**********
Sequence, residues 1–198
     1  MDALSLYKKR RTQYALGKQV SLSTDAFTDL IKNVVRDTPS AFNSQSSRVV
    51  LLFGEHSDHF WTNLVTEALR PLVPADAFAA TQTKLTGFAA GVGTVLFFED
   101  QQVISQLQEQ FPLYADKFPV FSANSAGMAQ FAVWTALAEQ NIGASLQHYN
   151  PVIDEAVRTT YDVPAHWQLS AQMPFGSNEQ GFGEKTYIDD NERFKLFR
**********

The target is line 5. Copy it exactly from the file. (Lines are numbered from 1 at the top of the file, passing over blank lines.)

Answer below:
   151  PVIDEAVRTT YDVPAHWQLS AQMPFGSNEQ GFGEKTYIDD NERFKLFR